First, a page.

If you’ve started looking into your mortgage options, you’ve probably encountered the terms “APR” and “interest rate” somewhere along the way. You might have even noticed that APRs are always slightly higher.
Why is this? And which one should you be looking at when shopping for your mortgage? Let’s break it down.
APRs and Interest Rates
Interest rates and APRs — or annual percentage rates — are both indicators of your loan’s cost. The main difference is what the two rates include.
The interest rate is what you’ll pay to borrow the funds. If it’s 5 percent, for example, you’ll pay 5 percent of the loan’s balance every year until the money is paid back in full. Interest rates can be fixed (meaning they stay the same the entire time you have the loan), or they can be adjustable (in which case, they will fluctuate up or down depending on the market).
An APR, on the other hand, is a broader measurement. It’s meant to indicate what you’ll pay for the loan in total every year — not just in interest. The APR includes your interest costs, as well as things like discount points, broker fees, closing costs, and other prepaid finance charges. This is why the APR is always higher than the posted interest rate.
Other Differences Between APR and Interest Rate
There are also differences in how APRs and interest rates are determined. Lenders base the interest rates they offer on each individual borrower’s unique financial scenarios. Their credit score, income, debts, and other factors will all influence what rate the borrower is offered. Interest rates also depend on the current market’s prevailing rates.
APR is based on standard calculations. Aside from the interest component, the lender’s fees are going to stay the same. Their various origination fees and other expenses will remain consistent from loan to loan, regardless of the borrower’s specific credit or finances.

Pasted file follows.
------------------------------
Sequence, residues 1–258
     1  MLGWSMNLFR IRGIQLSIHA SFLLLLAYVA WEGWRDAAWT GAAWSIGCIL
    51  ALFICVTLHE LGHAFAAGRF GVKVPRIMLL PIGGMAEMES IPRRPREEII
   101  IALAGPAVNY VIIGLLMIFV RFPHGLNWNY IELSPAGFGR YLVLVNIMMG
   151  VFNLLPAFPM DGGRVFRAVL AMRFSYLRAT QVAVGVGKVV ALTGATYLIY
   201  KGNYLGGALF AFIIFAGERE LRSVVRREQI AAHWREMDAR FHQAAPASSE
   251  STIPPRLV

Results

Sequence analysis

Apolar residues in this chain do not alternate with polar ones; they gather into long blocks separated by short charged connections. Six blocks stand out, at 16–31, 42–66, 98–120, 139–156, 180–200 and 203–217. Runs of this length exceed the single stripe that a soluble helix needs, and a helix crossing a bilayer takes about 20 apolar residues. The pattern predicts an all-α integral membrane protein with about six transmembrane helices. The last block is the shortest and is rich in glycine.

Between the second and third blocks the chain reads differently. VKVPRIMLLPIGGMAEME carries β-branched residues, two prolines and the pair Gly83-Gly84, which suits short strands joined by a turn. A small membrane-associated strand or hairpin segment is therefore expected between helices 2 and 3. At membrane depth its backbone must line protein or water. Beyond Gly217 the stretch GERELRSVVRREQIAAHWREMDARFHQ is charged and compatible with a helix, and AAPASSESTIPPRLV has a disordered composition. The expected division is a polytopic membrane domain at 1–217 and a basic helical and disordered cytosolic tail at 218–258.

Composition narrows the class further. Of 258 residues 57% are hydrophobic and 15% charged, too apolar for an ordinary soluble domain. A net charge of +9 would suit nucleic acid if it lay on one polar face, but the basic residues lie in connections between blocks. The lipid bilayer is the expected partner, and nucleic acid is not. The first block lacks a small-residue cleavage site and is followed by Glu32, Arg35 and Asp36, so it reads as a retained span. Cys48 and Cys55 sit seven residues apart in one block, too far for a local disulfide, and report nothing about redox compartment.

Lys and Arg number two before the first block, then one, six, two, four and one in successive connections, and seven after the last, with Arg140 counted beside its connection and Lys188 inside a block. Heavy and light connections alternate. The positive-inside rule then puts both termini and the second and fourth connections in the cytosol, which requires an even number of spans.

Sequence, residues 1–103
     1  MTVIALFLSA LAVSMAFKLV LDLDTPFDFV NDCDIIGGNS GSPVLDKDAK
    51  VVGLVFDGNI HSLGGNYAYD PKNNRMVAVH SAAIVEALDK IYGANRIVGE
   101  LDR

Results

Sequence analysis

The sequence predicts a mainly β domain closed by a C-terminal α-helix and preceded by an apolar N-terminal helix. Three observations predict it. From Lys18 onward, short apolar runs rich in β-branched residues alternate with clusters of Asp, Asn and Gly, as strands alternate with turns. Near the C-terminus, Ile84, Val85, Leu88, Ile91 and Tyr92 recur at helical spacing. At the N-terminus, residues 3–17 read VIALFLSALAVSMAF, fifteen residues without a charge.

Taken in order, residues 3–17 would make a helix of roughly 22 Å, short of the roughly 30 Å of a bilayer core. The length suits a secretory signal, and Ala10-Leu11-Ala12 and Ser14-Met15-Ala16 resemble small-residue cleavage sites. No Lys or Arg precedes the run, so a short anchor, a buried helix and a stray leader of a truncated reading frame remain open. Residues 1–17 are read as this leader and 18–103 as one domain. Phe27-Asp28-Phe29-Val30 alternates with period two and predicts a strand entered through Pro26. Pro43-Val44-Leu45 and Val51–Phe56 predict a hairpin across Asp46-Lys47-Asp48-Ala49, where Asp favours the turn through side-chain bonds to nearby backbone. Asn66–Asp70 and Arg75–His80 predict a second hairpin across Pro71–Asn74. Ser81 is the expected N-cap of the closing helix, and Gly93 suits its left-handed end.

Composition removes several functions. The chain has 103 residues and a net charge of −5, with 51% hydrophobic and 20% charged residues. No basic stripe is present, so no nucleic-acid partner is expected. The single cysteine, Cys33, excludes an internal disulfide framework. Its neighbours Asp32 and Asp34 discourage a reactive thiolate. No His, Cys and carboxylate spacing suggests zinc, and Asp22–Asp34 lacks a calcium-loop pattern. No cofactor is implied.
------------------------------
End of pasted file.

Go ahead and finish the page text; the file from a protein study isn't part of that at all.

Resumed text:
Which Should You Use When Mortgage Shopping?
Both numbers can help you compare your mortgage options when shopping around. To see what interest rate and APR a lender is offering you, fill out the lender’s application, and you’ll receive a loan estimate form. On page 1, you’ll see the interest rate under “Loan Terms,” and on page 3, you’ll see the APR under “comparisons.”
Consider using the interest rate you’re quoted to help gauge your monthly mortgage costs.
When comparing APRs, it’s important to get a break down of what’s included in a lender’s quoted rate. What fees are lumped into the APR? Most importantly, how much are those individual fees? You want to make sure you’re comparing apples to apples when looking at APRs and the costs included.
Another quick tip on APRs: If you’re choosing an adjustable-rate loan, the APR will not be an accurate depiction of your long-term costs. Since your interest rate will change on the adjustable loan, your annual APR may go up or down as well. On adjustable loans, your best bet is to assess the up-front interest rate, as well as any caps or maximums on future rate increases. This can help you gauge the potential long-term costs of your mortgage.
Other Homeowner Tips
It’s important to have a good handle on your homeownership goals when comparing APRs and interest rates. For example, if you’re planning to stay in your new home for the long haul, finding the lowest-APR loan will save you the most over time. If you’re only going to stay a few years until you have kids or make a career move, you’ll want to focus more on the interest rate, as this will save you the most in up-front and short-term costs.
You can also calculate each loan’s break-even point — meaning the point at which you’ve saved enough money to pay for whatever your costs were. Use a mortgage point calculator to help pinpoint this number for your loan options, or talk to a loan officer for more specific guidance.
Whether you focus on the APR, the interest rate, or both numbers, the most important thing is that you’re informed. Ask each lender you consider for a loan estimate and request a full break down of what’s included in their quoted APR. After you’ve applied, you can ask for a full estimate of any closing costs or fees you’d be expected to pay, so you know exactly what you’d owe on closing day. (Make sure to include your down payment in that as well).
Get More Help
Need some help comparing your loan options? Just want to know what APRs and interest rates Embrace Home Loans can offer you? Reach out to a loan officer today for help. We’re here to guide the way.